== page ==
Sunday, July 21, 2013

Just Breathe


There is something to be said for contemplative time - quite a lot, actually. After the hurly-burly of three weekdays with two small granddaughters it is a treat to sleep until I awaken naturally, to practice yoga before breakfast, to sip my first cup of tea as the first rays of sunlight wash over me, to bring my food to the outdoor table.

I am surrounded by flowers and green growing things, by songbirds and rooster crows at dawn, by areas of intense sunlight and of deep greeny-black shade. Underneath it all is the silence of the rural countryside, a silence undisturbed by surface noise, a silence that holds the singing brook, the laughter of flowers, the sighing of the wind, the whisper of passing clouds.

Some days I plan projects, on others I let the hours unfold, waiting to see what might happen. I spend a lot of time with books, reading piles of them from the library, picking up paperbacks at tag sales, pulling old favorites from my bookshelves. I write poems that appear sometimes fully formed first thing in the morning. I write entries in my daily journal, make comments in the margins of books. Ideas find their way onto odd slips of paper that I collect and put near my computer.

Sometimes of an afternoon, after a nap (an hour drifting in dreams), I hop on my one-speed (mine) double-cheek-seat, pedal brake bicycle and tour the neighborhood. One four mile trip takes me through town, another skirts the center of the village altogether, leading me instead past the river and along the edges of cornfields and hay meadows. A third takes me a straight two miles one way and another two back.

On Monday afternoons (and sometimes on Fridays) I spend hours searching the database of Ancestry.com. I have been writing what family history I know for my children and grandchildren, learning things along the way that might explain my propensity for dreaming rather than doing, my vast affection for the out-of-doors, my need for alone (and contemplative) time.

Fall will come soon enough. I relish every moment of summer freedom I have, delighting in the morning mist that slows the sunrise, the brief beauty of my garden flowers, the happy splashing of the catbird in the makeshift birdbath, the hours that unwind in shades of gold and green, the quiet time spent with books and pen, the hovering visits of the hummingbird, the dusky silence that greets the evening, the last kiss of sunlight on treetops.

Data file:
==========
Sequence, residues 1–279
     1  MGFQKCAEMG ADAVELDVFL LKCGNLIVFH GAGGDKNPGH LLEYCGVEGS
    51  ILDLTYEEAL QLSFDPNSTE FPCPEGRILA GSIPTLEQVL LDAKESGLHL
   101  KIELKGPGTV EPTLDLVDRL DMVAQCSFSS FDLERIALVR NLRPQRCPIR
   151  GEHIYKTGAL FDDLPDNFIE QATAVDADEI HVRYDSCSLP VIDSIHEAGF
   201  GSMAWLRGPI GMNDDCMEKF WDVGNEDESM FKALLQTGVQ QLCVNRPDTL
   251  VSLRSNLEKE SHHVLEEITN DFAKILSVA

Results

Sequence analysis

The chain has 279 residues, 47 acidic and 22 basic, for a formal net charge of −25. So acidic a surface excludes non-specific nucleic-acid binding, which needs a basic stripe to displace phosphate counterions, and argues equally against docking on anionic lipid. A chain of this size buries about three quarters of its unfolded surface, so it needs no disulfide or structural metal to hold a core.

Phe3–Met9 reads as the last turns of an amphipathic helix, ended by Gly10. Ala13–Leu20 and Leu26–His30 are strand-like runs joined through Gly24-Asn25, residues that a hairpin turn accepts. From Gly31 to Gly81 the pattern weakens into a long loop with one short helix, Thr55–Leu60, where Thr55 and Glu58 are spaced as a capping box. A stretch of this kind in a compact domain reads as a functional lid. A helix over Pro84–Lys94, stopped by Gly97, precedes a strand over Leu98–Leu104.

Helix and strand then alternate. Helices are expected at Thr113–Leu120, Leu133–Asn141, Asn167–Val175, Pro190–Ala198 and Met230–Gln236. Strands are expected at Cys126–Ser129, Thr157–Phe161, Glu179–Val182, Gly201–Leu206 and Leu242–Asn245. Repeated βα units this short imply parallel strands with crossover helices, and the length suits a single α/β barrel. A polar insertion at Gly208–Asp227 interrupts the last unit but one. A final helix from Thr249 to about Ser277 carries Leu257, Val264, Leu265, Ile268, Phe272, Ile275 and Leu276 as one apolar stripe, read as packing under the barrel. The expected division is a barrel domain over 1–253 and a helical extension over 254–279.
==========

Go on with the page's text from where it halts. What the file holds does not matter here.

8 comments:

Tabor said...

Thank you for such a lovely visit. I will try to get back soon.

Brian Miller said...

fall will come soon enough...i look forward to its cooling days....but the last 2 weeks of my summer, i will soak that up and live...a bike ride...i am at my parents today...maybe i will break out my old bike....

June said...

I would love to have a bicycle like yours . . . a plain ol' simple bike, sturdy in all its parts.
You and I are on the same wavelength with our summer pleasures. And I love your "blue evening" picture.

Kerry said...

So serene and lovely. This sounds like heaven to me.

Molly said...

Synchronicity! I was just talking about exactly this recently with a friend. How can you even know who you are if you don't carve out contemplative time for yourself, as you so beautifully describe here!

Judith said...

Poetry in prose. Lovely.
I feel rested and refreshed myself.

Pauline said...

Tabor - thanks for coming!

Brian - did you ride that bike?

June - I love riding that bike. It suits me. I'd love one of the new retro Schwin bikes - such pretty colors.

kerry - it's my idea of heaven, too.

Molly - it's one of my favorite pastimes, just sitting and thinking

Thanks, J -

Marc Leavitt said...

Pauline:

I agree.